Sir Isaac Newton (1642-1727), English mathematician and physicist considered one of the greatest scientists in history, who made important contributions to many fields of science. His discoveries and theories laid the foundation for much of the progress in science since his time. Newton was one of the inventors of the branch of mathematics called calculus (the other was German mathematician Gottfried Wilhelm Leibniz). He also solved the mysteries of light and optics, formulated the three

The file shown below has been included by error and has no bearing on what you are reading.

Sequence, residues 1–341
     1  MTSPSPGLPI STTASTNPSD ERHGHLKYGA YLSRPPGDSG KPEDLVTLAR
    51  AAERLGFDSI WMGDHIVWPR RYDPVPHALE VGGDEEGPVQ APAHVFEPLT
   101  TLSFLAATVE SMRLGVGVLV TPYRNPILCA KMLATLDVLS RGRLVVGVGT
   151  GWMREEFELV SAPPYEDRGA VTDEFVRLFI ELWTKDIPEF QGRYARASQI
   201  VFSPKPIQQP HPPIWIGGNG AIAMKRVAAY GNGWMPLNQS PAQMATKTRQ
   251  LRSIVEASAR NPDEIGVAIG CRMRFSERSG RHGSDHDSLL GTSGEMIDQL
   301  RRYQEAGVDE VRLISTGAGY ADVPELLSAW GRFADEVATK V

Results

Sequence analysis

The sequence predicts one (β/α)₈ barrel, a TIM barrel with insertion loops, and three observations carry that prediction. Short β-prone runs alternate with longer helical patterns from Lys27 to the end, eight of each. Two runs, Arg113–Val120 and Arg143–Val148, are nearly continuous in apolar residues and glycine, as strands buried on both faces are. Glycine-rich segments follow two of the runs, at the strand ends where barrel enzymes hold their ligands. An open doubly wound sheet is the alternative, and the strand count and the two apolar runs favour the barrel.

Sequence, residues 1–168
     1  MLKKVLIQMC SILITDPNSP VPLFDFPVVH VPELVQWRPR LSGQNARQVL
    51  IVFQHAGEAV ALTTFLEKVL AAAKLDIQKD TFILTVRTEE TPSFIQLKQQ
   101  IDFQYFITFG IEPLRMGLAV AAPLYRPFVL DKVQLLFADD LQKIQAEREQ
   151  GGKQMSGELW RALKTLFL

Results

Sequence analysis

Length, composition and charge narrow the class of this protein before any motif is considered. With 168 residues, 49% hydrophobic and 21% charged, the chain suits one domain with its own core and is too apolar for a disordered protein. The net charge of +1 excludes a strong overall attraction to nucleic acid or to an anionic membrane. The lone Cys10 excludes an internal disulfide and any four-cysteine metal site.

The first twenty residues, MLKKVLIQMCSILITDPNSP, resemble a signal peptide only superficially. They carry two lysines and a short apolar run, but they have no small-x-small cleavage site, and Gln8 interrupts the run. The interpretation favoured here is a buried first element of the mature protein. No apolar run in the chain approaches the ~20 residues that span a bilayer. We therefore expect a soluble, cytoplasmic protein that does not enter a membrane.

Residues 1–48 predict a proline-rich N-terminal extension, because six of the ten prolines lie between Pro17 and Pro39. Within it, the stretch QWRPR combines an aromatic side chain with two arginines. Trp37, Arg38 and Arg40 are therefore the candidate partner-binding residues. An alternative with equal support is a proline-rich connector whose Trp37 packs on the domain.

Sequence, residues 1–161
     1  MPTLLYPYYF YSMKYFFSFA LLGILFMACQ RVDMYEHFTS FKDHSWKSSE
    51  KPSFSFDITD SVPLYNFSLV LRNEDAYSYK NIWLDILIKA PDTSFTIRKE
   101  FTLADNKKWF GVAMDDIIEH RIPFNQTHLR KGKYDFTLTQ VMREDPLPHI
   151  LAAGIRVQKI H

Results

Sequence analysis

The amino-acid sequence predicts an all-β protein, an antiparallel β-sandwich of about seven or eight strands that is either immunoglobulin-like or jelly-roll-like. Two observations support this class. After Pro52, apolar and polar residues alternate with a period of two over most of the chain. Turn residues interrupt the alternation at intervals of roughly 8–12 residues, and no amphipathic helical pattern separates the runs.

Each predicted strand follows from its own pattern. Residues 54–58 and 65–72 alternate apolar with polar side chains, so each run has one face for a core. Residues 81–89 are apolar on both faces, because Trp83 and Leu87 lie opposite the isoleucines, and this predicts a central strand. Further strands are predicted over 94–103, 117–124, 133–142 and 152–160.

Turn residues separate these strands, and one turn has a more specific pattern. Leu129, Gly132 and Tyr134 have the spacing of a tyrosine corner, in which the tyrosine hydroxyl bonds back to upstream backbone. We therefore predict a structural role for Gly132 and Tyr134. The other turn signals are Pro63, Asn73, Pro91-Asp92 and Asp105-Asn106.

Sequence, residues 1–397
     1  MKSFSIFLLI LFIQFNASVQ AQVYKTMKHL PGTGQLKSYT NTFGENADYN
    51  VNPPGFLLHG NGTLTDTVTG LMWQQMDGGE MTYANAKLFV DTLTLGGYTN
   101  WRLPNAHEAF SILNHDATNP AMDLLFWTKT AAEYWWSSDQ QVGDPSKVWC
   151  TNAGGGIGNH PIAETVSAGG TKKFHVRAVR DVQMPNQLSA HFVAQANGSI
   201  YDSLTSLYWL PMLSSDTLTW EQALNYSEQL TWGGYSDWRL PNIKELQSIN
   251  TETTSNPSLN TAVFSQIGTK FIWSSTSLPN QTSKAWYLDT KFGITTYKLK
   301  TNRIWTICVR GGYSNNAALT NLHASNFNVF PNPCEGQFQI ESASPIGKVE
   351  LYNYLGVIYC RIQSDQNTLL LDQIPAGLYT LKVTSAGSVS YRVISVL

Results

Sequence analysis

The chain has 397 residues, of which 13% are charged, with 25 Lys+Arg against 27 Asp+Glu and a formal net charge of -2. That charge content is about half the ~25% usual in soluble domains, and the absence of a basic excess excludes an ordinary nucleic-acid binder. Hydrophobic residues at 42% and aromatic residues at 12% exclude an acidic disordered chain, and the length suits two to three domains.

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showed last 75 words of 1105 total
committee's report, which charged Leibniz with deliberate plagiarism. Newton also compiled the book of evidence that the society published. The effects of the quarrel lingered nearly until his death in 1727.
In addition to science, Newton also showed an interest in alchemy, mysticism, and theology. Many pages of his notes and writings--particularly from the later years of his career--are devoted to these topics. However, historians have found little connection between these interests and Newton's scientific work.